Foo gwai lit che Review
Comedy's a funny thing. There's no mid-ground normally, it's either funny (and appeals to your sense of humour) or it isn't. This movie is described as a homage to “the screwball comedies of 1930's Hollywood combining martial arts, comedy and Wild-West action”. So what's it all about?
Well, the plot revolves around eccentric entrepreneur Chin Fong-Tin (Hung), returning to his hometown with a group of beautiful women set on establishing a house of ill repute, much to the annoyance of the town's sheriff. Chin believes he can bring prosperity to his hometown by sabotaging the maiden trip of the Shanghai Express, leaving the wealthy passengers stranded there, which would force them to spend their cash. However, unknown to Chin, a small army of bandits also has it's sights on hi-jacking the train, not to mention a gang of Japanese mercenaries planning on raiding the local temple, enabling them to steal a collection of valuable terracotta figures. Soon Chin and his fellow townsmen much put their differences to one side and band together to fight the evil-do'ers.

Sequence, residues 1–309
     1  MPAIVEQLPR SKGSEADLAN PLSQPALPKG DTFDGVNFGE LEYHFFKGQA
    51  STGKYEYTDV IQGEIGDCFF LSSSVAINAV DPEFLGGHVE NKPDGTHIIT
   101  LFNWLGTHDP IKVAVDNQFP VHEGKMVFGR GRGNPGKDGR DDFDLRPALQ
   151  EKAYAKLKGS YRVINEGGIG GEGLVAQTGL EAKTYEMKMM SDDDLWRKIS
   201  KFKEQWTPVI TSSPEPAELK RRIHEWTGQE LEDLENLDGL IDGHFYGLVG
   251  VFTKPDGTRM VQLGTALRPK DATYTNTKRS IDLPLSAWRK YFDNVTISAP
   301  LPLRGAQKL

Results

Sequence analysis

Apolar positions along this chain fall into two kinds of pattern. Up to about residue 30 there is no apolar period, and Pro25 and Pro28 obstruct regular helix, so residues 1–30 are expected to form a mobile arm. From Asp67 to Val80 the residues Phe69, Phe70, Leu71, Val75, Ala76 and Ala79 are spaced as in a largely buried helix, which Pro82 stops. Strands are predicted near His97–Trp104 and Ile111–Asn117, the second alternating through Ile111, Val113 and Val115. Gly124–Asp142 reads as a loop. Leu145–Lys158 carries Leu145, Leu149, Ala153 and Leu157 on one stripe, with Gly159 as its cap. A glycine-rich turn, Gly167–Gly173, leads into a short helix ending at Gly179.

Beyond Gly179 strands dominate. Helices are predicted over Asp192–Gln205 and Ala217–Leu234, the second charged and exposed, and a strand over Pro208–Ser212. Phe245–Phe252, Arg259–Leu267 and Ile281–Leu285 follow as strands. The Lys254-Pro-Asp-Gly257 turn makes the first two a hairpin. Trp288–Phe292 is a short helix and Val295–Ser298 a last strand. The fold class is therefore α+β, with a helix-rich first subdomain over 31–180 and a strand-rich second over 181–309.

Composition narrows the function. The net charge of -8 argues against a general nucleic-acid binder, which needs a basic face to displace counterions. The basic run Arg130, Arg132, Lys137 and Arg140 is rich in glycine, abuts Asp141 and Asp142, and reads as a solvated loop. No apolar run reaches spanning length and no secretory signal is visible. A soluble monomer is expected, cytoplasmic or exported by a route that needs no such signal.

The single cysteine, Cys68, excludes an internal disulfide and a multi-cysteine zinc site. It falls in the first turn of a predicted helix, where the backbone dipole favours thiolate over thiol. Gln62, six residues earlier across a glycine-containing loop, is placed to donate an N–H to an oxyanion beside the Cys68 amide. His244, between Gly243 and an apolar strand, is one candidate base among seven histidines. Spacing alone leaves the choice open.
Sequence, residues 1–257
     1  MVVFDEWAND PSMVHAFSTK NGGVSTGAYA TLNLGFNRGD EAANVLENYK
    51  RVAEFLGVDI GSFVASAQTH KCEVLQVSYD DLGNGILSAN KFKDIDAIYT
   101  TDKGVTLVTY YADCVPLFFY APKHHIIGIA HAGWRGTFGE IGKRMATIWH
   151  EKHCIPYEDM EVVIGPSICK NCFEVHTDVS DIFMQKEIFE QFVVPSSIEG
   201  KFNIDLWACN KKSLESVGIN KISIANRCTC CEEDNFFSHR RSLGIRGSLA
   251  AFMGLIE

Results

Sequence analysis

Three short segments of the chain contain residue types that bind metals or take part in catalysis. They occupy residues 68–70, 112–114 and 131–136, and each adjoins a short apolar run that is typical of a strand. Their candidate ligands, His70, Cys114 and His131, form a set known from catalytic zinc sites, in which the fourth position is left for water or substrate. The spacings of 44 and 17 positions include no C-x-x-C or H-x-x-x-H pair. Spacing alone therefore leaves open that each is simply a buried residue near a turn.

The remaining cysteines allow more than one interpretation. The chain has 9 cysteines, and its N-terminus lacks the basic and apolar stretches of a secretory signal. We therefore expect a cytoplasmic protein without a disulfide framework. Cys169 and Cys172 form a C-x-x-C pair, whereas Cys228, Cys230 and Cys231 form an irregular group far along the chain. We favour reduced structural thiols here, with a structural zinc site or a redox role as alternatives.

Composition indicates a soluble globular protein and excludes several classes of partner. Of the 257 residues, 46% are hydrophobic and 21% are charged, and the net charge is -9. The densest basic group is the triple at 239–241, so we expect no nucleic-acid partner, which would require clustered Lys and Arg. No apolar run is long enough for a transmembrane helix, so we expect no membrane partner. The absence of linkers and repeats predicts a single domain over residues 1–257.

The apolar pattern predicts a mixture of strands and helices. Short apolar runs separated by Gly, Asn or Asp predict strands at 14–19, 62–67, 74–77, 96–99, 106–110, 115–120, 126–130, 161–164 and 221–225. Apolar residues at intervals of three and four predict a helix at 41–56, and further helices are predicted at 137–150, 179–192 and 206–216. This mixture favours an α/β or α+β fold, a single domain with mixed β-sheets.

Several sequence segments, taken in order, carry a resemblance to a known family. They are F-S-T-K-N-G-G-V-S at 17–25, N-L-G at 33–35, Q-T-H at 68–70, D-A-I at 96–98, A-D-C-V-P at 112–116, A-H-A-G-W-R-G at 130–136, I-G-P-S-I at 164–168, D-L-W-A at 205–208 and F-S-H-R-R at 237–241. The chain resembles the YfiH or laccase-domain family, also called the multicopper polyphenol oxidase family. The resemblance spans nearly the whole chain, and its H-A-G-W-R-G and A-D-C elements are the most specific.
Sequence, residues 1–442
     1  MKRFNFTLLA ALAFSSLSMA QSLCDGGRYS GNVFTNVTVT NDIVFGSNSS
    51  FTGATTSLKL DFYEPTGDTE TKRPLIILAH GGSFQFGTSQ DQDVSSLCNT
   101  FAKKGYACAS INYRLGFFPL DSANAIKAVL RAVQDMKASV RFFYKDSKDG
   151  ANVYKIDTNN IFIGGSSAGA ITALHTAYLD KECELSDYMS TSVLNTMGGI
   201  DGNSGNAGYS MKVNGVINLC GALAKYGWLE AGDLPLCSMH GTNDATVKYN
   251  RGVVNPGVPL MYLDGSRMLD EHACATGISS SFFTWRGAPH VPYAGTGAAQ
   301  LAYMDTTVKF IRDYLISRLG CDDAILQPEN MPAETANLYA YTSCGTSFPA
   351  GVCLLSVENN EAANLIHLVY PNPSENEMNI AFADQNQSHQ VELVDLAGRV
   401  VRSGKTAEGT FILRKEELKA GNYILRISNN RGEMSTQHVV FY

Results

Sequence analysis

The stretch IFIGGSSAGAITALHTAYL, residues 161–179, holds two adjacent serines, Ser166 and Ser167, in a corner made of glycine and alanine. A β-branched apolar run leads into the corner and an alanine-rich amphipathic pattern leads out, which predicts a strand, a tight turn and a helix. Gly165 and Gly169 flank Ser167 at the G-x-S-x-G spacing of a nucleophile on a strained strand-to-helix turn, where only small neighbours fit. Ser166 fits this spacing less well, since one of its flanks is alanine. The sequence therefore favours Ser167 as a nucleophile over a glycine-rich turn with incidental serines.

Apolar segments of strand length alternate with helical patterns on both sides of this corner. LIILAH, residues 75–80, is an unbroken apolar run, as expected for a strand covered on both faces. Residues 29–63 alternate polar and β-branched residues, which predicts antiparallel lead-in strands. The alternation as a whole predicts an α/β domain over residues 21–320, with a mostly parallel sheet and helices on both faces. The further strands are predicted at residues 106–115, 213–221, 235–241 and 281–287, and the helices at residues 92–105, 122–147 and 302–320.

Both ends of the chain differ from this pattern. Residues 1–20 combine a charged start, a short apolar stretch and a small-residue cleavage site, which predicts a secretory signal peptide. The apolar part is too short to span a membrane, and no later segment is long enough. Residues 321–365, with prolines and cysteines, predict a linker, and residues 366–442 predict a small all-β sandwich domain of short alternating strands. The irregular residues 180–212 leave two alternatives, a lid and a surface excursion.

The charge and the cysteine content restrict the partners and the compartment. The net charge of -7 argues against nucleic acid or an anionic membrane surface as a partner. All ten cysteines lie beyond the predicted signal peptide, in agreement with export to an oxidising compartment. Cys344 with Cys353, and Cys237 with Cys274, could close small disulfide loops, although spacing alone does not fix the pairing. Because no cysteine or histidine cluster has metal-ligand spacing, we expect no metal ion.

Well, the movie isn't my cup of tea, I'm afraid. Don't get me wrong, I like Asian cinema, mostly however the thrillers and horrors that have come out in recent years, from Evil Dead Trap to the more well known, such as Ringu, but martial arts movies I just don't “get”. To make matters worse, the comedy is slapstick, which again, doesn't work for me - I find it rather juvenile. To further make things worse, it's set in the Wild West as such, and I really hate Westerns (not as much as war movies though). So, bearing in mind my prejudices, I'm not going to rate this highly. However, I am sure that some people will enjoy this, as I know I'm in a minority by disliking Westerns, Slapstick and Martial Arts. There is a strange feeling to the feel of this movie - I almost expected David Niven to appear during it, as it has that kind of feel. For martial arts fans, you may feel somewhat disappointed, as with one exception, there isn't any real “action” for the first hour of the movie - it's all character introduction and setup. Of course, there are comedy moments during this, but as it is slapstick, it's typical of the 60's British comedies to me, more than the 30's Hollywood, but then I guess it's what you grew up with. Acting wise, it really is quite cheesy and it certainly fits in with the 70's/80's style of B-Movie acting, certainly re-awakening all those memories of the martial arts movies of that time. Does the movie have any redeeming qualities? Well, to me, no, not a single one. It's just that of the entire genre's it covers, it just happens to hit 3 of the ones I dislike the most. However, having said that, I am sure that it will have its fans, in fact if you like this style of movie, I'm sure I'd recommend it without hesitation. It's just not for me, though.